The Plaintiff conceded that his injury was not medically intensive. He contends, instead, that the wound to his heel resulted in severe injury because the doctors were unable to correct the ulceration and breakdown of the heel and the only cure they could offer was to advise him to stay off of it. The heart of his injury allegation is that he has subsequently been unable to work at his trade because of problems with his heel and has thereby suffered economic loss. Appellants, on the other hand, characterize the injury as minor, relying on the medical records admitted into evidence, which reflect minimal medical care connected with King's injuries. In order for King to recover in this case, a severe injury must have been caused by the alleged excessive force. King is asking this court to hold a police officer liable for unforeseeable complications which resulted from a minor injury. The analytical framework of qualified immunity rests on the objective foundation of the judgment of a reasonably competent officer. Pfannstiel v. Marion, 918 F.2d 1178 (5th Cir.1990). We find that a reasonably competent officer could not have anticipated that the brief struggle to arrest and hand cuff King would cause the injury King now complains of. Therefore, we hold that facts established in the record do not support a finding that King met the severe injury prong of Shillingford.


King's case also fails under the second prong of the test. The officers' conduct was not grossly disproportionate to the need for action under the circumstances. There is no evidence in the record that the officers harbored ill-will toward King. King does not dispute that he resisted arrest after he had been told that he was under arrest and what the charge was, or that he was intoxicated and belligerent, or that the officers believed they had been summoned to intervene in a domestic altercation. All of these facts have been held relevant to the inquiry of whether an officer's conduct is grossly disproportionate to the need for action under the circumstances. Brown v. Glossip, 878 F.2d 871 (5th Cir.1989.) King's strongest argument is that he was in his own home, alone, with the door locked when the police arrived, and was entitled to be left alone unless the police had a warrant or legally adequate probable cause to disturb him. The problem with King's position is that the officers did not arbitrarily enter his property to disturb him. They answered a disturbance call, and were faced with what appeared to be a domestic fight. An angry, drunken woman and a child were locked out of their own residence in the middle of the night. The need for action under these circumstances was not clearly outweighed by the fact that King wanted to be left alone behind his locked door. There is no mention of this prong of the test in the District Court's written order or oral opinion, although the order denying summary judgment implicitly finds, at the least, a fact dispute concerning the disproportionality of the officers' actions. We find no such dispute.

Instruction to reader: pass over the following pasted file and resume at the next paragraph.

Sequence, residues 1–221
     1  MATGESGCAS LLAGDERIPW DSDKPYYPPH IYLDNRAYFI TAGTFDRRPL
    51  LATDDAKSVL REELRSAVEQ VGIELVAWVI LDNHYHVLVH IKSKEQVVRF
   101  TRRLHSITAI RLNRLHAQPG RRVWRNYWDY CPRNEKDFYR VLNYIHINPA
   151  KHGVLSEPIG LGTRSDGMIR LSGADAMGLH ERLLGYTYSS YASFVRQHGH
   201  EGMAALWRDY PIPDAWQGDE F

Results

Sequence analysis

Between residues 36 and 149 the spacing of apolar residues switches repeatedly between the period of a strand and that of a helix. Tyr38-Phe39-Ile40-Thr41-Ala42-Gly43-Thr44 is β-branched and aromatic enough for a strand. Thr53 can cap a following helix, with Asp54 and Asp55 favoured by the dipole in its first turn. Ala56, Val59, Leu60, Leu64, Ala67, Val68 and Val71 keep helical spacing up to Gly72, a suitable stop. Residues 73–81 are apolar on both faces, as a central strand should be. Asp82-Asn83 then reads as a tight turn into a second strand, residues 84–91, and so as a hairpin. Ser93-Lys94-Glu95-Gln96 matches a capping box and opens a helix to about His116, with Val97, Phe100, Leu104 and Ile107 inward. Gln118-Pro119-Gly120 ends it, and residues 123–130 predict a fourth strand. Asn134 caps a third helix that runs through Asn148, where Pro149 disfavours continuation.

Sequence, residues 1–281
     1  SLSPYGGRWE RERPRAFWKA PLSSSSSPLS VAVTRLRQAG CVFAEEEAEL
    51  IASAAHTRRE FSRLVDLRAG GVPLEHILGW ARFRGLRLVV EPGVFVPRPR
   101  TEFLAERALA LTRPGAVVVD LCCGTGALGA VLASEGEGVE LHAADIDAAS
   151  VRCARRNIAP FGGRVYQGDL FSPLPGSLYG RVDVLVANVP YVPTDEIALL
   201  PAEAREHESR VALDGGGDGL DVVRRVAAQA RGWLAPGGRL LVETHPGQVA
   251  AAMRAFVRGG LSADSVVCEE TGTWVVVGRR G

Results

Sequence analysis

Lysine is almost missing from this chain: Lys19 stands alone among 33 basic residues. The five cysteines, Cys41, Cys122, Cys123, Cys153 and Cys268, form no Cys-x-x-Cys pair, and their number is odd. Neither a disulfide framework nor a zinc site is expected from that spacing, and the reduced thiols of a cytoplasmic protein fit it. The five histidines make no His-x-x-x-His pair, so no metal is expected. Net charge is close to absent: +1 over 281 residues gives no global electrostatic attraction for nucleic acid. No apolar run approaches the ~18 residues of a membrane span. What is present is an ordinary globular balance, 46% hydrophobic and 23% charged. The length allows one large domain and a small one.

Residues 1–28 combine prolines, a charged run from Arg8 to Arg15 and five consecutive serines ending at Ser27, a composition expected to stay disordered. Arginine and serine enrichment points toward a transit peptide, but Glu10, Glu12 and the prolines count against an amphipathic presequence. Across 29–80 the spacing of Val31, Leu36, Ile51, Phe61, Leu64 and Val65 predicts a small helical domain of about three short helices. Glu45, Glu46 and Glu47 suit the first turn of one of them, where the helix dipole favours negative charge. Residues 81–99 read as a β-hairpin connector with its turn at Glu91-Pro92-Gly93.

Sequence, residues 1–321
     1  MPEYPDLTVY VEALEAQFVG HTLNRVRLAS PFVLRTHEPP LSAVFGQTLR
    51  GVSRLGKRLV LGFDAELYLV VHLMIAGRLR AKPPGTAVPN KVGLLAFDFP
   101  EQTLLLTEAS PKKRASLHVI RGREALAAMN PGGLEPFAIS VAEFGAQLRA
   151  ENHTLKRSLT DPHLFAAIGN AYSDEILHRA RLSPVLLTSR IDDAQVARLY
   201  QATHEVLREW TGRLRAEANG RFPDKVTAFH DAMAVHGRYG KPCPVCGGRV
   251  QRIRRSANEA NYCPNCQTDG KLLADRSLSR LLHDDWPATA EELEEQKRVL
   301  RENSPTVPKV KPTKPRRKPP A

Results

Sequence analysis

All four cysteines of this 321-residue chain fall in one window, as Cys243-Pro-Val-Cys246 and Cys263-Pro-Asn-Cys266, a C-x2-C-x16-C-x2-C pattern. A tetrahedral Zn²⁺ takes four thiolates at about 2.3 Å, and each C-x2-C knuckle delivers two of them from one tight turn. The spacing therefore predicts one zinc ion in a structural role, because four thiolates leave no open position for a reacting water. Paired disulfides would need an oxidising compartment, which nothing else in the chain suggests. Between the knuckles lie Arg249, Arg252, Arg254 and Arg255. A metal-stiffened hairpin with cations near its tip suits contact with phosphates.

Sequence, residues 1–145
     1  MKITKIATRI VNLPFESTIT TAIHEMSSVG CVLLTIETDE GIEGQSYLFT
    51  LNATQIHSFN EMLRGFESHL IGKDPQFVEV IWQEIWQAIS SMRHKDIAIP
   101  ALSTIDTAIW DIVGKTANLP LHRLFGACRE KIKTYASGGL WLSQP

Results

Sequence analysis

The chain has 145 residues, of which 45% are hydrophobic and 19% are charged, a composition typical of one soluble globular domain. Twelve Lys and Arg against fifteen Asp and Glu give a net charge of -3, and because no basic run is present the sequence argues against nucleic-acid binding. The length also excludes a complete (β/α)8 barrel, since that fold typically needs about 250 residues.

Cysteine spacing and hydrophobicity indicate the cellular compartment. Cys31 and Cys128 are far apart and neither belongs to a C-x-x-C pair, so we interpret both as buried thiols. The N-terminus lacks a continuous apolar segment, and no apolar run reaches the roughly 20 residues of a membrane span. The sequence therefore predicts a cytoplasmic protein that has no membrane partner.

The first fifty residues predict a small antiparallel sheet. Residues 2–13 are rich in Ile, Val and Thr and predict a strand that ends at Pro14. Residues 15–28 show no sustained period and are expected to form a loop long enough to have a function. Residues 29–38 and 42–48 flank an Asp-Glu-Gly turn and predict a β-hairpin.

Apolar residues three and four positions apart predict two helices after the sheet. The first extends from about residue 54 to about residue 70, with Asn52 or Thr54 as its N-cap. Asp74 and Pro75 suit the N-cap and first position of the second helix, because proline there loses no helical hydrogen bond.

The third prong, whether the action was inspired by malice, rather than carelessness or unwise excess of zeal, was addressed by the District Court in its oral opinion supporting its order. The Court apparently found a fact issue on this prong. It is unnecessary for us to reach the question of the correctness of that finding. Since we find that King fails to meet the first two prongs of the test, Appellants were entitled to summary judgment based on qualified immunity.



The District Court's Order denying the Motion for Summary Judgment filed by Officers Chide and Gonzales is REVERSED.


Chief Judge of the Eastern District of Texas, sitting by designation


See Johnson v. Morel, 876 F.2d 477, 480 (5th Cir.1989) (en banc) (changing the standard for Fourth Amendment excessive use of force claims by reformulating the "severe injury" prong to "significant injury.")

See also, Hudson v. McMillian, --- U.S. ----, 112 S.Ct. 995, 117 L.Ed.2d 156 (1992) (overruling the "significant injury" prong, in an Eighth Amendment excessive use of force context.)